Though she grew up a city kid in the Manhattan area, Judy Parsons, now of Hugoton, has been around horses nearly her entire life. She always had a horse, and her grandparents had a farm.

“I was just a little girl who always wanted a horse. I was always horse crazy,” she said.

Parsons, 56, and her Paint gelding, Pistol Packin’ Picasso, also known as Oscar, completed a successful show season in 2016, culminating in earning Reserve High Point Amateur All Breed honors, four Reserve Champion class medallions, and a fourth-place medallion at the Ranch Horse Congress hosted by the Pinto Horse Association of America in Tulsa, Okla., in November.

Parsons raised Oscar, now age 6.

“He’s just like a little kid. He’s ornery, fun and a real fun personality. He just keeps getting better. He had a really good year,” she said.

Parsons is married to Bob Parsons, and has two adult sons, Eli and Levi Gantenbein. She earned a bachelor’s degree in management and ethics from Manhattan Christian College and a master’s degree in adult education from Kansas State University. She is the plant administrator at Kansas Dairy Ingredients in Hugoton.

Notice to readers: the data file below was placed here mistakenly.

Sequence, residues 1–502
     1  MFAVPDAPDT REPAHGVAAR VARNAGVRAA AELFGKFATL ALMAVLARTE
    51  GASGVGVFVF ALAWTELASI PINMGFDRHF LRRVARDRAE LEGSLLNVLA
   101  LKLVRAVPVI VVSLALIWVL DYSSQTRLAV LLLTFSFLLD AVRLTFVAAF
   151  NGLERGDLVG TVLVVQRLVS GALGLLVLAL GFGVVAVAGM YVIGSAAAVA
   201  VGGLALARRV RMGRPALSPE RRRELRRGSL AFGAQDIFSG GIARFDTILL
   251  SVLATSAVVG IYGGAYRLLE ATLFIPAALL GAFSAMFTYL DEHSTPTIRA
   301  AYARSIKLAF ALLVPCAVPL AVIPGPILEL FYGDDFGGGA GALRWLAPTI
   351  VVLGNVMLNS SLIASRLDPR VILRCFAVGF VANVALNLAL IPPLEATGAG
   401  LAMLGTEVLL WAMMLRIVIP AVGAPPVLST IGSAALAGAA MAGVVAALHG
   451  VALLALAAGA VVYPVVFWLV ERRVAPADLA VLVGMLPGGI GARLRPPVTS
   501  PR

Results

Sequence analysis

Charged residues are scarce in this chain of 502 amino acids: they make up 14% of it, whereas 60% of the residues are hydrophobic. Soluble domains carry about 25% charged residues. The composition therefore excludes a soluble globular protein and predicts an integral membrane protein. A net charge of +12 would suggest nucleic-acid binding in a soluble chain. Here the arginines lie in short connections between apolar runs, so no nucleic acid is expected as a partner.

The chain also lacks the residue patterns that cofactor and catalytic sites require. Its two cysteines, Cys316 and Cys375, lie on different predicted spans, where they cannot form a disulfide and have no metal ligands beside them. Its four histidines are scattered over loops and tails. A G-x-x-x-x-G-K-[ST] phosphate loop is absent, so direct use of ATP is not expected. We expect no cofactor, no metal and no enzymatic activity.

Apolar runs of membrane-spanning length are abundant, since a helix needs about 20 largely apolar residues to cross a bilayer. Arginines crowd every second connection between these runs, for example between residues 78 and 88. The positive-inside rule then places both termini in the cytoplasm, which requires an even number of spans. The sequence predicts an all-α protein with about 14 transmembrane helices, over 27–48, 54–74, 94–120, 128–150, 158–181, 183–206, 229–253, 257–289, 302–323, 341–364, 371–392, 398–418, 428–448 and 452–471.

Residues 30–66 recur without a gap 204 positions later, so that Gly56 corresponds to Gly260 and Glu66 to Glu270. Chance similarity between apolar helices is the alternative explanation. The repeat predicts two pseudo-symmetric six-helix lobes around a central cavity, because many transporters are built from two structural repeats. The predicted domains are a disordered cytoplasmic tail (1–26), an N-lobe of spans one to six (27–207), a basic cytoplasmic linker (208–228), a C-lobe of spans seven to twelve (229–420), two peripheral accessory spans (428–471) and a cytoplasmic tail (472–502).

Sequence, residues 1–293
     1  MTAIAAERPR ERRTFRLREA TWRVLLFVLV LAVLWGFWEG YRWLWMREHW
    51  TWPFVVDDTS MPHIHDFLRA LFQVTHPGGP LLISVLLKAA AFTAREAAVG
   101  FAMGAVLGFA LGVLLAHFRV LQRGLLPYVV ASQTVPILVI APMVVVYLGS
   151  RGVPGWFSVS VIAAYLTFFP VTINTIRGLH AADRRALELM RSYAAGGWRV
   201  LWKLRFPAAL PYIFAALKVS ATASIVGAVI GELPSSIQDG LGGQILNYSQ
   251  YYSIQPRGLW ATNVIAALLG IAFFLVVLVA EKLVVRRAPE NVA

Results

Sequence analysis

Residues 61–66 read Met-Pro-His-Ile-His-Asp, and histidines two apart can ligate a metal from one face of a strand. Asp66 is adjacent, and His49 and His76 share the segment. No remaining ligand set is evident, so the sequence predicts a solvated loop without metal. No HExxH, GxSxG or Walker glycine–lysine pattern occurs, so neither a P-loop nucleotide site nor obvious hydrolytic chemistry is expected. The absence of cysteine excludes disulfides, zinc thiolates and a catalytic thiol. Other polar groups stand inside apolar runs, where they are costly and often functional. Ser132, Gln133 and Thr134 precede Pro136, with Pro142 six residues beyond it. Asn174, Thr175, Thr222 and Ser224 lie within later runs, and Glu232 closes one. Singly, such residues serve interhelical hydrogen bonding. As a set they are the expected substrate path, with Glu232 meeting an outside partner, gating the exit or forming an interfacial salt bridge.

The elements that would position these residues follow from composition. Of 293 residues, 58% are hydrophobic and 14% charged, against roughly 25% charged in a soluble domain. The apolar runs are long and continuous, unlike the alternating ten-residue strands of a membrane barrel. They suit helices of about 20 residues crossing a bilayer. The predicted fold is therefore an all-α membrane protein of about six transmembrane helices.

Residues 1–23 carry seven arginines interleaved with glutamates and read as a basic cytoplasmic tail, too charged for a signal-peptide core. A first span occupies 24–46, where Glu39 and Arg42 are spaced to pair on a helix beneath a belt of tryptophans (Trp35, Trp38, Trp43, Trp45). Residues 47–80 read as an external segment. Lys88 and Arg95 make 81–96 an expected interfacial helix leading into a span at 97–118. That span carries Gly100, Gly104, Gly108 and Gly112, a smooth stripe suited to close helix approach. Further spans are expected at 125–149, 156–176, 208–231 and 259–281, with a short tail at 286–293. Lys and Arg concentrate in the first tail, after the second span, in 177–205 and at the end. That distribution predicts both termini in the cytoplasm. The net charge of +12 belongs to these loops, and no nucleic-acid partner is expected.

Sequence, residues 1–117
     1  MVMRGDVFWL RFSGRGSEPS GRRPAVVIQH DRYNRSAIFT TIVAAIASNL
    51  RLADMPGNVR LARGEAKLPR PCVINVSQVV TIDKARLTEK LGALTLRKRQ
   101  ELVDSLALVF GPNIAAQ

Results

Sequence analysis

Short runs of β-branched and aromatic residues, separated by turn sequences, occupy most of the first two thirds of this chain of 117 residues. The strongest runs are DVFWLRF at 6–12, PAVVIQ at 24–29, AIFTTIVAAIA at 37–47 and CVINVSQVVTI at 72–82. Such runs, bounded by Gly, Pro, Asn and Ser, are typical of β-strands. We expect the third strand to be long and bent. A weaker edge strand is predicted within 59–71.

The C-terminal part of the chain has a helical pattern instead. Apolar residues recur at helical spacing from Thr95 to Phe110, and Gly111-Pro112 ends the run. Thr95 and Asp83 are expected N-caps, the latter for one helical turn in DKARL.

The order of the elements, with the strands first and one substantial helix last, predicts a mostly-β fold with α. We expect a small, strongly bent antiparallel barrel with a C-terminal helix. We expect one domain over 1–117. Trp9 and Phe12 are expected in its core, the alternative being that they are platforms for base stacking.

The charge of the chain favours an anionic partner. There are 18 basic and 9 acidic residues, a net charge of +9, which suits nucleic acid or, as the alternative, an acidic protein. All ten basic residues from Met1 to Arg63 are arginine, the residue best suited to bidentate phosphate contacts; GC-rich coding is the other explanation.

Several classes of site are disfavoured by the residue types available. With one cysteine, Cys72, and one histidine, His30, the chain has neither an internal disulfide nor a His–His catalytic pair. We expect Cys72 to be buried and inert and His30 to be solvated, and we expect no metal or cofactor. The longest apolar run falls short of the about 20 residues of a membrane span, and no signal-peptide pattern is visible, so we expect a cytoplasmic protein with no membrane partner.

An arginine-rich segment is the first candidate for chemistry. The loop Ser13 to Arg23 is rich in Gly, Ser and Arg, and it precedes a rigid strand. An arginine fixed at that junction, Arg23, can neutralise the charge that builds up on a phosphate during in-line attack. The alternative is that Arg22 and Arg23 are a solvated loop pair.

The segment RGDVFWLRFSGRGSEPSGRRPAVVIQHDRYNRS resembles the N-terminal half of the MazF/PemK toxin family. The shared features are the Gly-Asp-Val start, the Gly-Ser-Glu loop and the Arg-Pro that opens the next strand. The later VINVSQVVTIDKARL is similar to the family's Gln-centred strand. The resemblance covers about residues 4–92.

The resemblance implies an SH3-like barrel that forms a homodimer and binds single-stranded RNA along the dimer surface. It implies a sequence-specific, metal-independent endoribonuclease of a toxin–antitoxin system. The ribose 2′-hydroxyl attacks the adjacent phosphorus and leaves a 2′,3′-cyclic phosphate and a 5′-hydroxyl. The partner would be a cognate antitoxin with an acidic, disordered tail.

Originally from Manhattan, Parsons has lived in Hugoton since she married Bob 16 years ago.

Parsons estimated she and Oscar went to about a dozen horse shows between April and November, and travel generally three to seven hours from Hugoton.

She has one other horse, a quarter-horse mare, she shows at quarter-horse and all-breed shows. The mare often goes along to Paint, all-breed or open shows with Oscar even if not competing.

“But two horses are a lot of work, so a lot of shows I’ll take one or the other, mainly Oscar. He’s younger,” Parsons said.

One aspect of horse shows Parsons enjoys is learning new things with the horses and improving how they perform. She works with a trainer, Brad Weller of Garden City, who began training Oscar when the horse was a year old.

“He’s always helping me learn how to do things better, and to grow as a rider,” Parsons said of Weller. “He trains Oscar to get better, and then he coaches me to ride Oscar better. It’s kind of like a football coach a little bit.”

When showing, Parsons is generally in the saddle, though she said there are a couple of show classes that have her on her feet in the show ring. There are also several different events at a show, but the last couple of years she and Oscar have been involved in ranch horse classes, which typically demonstrate the kinds of horsemanship skills used by working cowboys.

It was their first time to show at the Ranch Horse Congress. Like a human athlete, Parsons said Oscar seems to understand he’s competing.

“He likes it. And he knows. Sometimes he does something, and it’s like he wants to give the judges a show. But he’s getting older and doesn’t do that as much,” Parsons said. “He is a real athlete.”